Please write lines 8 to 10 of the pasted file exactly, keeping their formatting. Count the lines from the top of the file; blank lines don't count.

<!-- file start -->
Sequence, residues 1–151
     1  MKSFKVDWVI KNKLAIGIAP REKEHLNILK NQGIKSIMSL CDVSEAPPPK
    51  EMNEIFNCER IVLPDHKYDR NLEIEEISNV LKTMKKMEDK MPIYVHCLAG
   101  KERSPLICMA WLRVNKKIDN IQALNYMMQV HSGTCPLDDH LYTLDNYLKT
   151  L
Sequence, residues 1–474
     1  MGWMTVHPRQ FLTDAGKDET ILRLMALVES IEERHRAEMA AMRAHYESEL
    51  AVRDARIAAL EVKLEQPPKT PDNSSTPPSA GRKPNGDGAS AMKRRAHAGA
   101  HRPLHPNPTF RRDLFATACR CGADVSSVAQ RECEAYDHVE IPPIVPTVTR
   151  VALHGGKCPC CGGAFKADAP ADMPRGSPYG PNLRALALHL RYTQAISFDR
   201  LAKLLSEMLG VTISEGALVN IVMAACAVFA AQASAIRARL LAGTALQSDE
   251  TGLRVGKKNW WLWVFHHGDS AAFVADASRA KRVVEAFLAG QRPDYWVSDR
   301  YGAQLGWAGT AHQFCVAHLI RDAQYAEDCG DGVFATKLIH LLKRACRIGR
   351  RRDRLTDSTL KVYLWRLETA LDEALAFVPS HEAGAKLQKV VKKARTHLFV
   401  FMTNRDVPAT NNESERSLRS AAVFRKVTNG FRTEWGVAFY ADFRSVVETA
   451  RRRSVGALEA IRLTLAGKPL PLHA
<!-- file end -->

    51  AVRDARIAAL EVKLEQPPKT PDNSSTPPSA GRKPNGDGAS AMKRRAHAGA
   101  HRPLHPNPTF RRDLFATACR CGADVSSVAQ RECEAYDHVE IPPIVPTVTR
   151  VALHGGKCPC CGGAFKADAP ADMPRGSPYG PNLRALALHL RYTQAISFDR